How we use energy
The United States is a highly developed and industrialized society. Americans use a lot of energy in homes, in businesses, in industry, and for personal travel and for transporting goods. There are four major sectors that consume energy:
- The industrial sector includes facilities and equipment used for manufacturing, agriculture, mining, and construction.
- The transportation sector includes vehicles that transport people or goods. Cars, trucks, buses, motorcycles, trains, aircraft, boats, barges, and ships are included in the transportation sector.
- The residential sector consists of homes and apartments.
- The commercial sector includes offices, malls, stores, schools, hospitals, hotels, warehouses, restaurants, places of worship, and more.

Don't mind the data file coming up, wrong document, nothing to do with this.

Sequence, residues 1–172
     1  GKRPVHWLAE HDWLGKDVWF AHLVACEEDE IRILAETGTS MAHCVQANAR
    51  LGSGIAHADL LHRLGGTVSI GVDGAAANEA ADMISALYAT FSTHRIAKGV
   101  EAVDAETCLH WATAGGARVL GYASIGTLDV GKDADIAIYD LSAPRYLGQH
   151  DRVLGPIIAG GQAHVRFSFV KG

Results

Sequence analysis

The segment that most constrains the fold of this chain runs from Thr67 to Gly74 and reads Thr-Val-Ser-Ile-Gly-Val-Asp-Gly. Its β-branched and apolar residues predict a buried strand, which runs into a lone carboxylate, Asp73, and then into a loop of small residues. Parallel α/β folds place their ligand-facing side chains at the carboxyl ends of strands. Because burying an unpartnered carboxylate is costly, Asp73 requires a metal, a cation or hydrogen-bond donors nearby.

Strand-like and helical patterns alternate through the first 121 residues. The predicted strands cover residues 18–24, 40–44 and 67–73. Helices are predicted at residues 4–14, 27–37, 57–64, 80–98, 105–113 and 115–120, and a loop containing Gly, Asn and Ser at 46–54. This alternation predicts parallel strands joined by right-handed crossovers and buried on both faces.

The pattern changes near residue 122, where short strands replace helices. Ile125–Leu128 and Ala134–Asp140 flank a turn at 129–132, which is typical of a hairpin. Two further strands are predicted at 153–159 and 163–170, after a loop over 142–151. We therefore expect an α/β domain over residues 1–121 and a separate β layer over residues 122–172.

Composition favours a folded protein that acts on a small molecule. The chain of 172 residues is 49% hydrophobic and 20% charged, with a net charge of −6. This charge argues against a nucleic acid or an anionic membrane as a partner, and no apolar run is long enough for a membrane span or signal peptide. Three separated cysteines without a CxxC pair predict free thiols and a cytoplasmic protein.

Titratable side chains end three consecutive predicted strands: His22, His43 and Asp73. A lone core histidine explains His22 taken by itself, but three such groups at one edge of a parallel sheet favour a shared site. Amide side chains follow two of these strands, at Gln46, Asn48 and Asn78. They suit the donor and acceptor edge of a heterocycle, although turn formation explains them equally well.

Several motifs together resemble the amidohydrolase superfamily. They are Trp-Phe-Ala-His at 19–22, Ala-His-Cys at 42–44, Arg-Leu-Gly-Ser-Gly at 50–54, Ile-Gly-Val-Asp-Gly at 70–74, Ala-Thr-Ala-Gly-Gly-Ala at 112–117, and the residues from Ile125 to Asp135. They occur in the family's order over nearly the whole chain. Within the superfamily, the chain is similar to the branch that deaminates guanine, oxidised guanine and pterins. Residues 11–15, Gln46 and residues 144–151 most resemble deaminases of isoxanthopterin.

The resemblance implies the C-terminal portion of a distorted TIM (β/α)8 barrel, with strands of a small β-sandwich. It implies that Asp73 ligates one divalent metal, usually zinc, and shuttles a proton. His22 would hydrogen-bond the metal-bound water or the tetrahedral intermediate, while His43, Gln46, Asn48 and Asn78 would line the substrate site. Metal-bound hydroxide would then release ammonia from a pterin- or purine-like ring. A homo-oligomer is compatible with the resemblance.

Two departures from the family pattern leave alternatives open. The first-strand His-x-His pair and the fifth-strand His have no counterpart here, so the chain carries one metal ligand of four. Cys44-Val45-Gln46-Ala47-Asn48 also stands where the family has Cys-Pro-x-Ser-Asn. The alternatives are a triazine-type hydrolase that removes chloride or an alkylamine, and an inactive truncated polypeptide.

Each end-use sector consumes electricity produced by the electric power sector.
Primary energy consumption in the United States was almost three times greater in 2014 than it was in 1949. In all but 18 of the years between 1949 and 2014, primary energy consumption increased over the previous year.
There was a sharp contrast to this historical trend in 2009 that resulted from the economic recession. In 2009, real gross domestic product (GDP) fell 2% compared to 2008, and energy consumption declined by nearly 5%, the largest single-year decline since 1949. Decreases occurred in all four major end-use sectors (residential—3%, commercial—3%, industrial—9%, and transportation—3%). Consumption increased by about 3% in 2010, then declined slightly in 2011 and declined again by about 3% in 2012. Consumption increased by about 3% in 2013 and by 1% in 2014. Economic growth and other factors like weather and fuel prices influence consumption in each sector differently.